The path to citizenship leads through the community

Crowds of Spanish-speaking parishioners in Los Angeles milled about the historic Nuestra Señora Reina de los Ángeles Catholic Church grounds Jan. 7, browsing through free children’s books—both bilingual and in Spanish—and enjoying colorful slices of Rosca de Reyes—the traditional crown-shaped cake marking the Christian celebration of the three kings visiting infant Jesus. Thanks to partnerships with local legal aid and community organizations, the AFT and its state and local affiliates were in the center of it all, not just handing out books but providing information for immigrant families about how to pursue a much more serious endeavor: U.S. citizenship through the AFT’s groundbreaking Together We Rise Citizenship Program, a labor and community partnership.

From left Salvador Sanabria, of El Rescate; Juan Ramirez, AFT and CFT; Rocio Rivas, a member of the Los Angeles United School District school board, who supported the event; Lilia Carreon, El Rancho Federation of Teachers president; and Claudia Rodriguez, UTLA.
From left Salvador Sanabria, of El Rescate; Juan Ramirez, AFT and CFT; Rocio Rivas, a member of the Los Angeles United School District school board, who supported the event; Lilia Carreon, El Rancho Federation of Teachers president; and Claudia Rodriguez, UTLA.

Being a part of the Los Angeles community, especially the school community, means participating in a rich tapestry of events like these and being a part of a community of families who come from all over the world—many of whom are “mixed status,” where some family members may be full citizens and others may not.

“Here in California, we have more than 2 million people who could become U.S. citizens,” says California Federation of Teachers Executive Vice President and AFT Vice President Juan Ramirez, who remembers coming to the United States from Mexico as a teenager. Ramirez, who was handing out cake during the event, understands how the AFT’s presence at events like these can make a difference to people who sometimes feel as if they are on the outside looking in.

Since 2020, the AFT has helped sponsor community fairs and informational sessions about ciudadanía, or citizenship. This past November and December, the AFT sponsored six informational sessions in the Los Angeles area; more are scheduled for January and February, with a citizenship clinic—with free legal counsel, funding to assist with application fees, and a community fair with food, games and giveaways—planned for March. Dozens more have been held in other states including California, Florida, Oregon and Texas, where larger numbers of immigrants live—though there are 9 million “lawful permanent residents” eligible for naturalization across the country.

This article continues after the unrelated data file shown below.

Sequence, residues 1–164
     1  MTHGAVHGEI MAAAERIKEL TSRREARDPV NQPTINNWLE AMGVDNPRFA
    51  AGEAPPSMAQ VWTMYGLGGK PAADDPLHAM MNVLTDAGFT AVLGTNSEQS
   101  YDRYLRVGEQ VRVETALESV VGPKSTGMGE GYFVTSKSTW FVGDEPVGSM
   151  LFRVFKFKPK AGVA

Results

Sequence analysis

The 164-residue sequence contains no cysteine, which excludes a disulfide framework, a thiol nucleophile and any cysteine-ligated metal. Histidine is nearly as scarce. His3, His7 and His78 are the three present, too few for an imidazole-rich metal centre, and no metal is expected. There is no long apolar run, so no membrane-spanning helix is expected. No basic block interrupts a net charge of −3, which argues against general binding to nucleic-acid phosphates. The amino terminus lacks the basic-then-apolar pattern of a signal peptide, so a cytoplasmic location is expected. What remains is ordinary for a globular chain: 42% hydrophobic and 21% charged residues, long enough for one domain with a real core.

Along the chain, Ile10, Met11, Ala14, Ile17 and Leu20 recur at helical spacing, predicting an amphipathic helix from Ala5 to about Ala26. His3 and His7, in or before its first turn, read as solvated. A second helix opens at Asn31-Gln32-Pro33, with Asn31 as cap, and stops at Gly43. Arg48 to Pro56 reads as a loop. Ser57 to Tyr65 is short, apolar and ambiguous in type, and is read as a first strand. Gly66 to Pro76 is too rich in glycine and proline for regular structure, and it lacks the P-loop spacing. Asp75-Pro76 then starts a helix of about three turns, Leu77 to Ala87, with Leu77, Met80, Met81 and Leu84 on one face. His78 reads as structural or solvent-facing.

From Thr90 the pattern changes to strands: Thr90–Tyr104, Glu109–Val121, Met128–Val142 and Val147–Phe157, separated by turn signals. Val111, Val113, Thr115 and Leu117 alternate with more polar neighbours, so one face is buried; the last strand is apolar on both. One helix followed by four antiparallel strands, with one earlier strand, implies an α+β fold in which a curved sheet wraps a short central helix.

“It’s part of our community work,” says Claudia Rodriguez, a member of the United Teachers Los Angeles board of directors. In a world where legal advice costs thousands of dollars and scammers charge high fees only to disappear, workshop participants—including some AFT members—are grateful to have reliable attorneys and advisers to consult, she says.

“It makes a difference when you tell them you are a teacher or from the union,” says Lilia Carreon, president of El Rancho Federation of Teachers in southern California; participants trust educators and worker advocates. “When they come into the room, you can see fear in their faces. After talking to us, you see a sense of relief and excitement. … I see the hope.”

The road to citizenship

“A lot of [clinic participants] don’t make a lot of money, and it’s hard for them to get counsel for free,” says Iran Alicea, president of the Hillsborough School Employees Federation based in Tampa, Fla. Partnering with Mi Familia Vota, the union has so far helped 20 people get their citizenship, including five who received scholarships to pay for application fees. Alicea attended several of the citizenship ceremonies, which are “super emotional,” he says. “They finally can say not only am I part of this country, I have a say in anything that goes on. I can vote.”

AFT member Mercedes Caceres, center, after her citizenship ceremony with HSEF President Iran Alicea, left, and Victor Moreno, also of HSEF, right.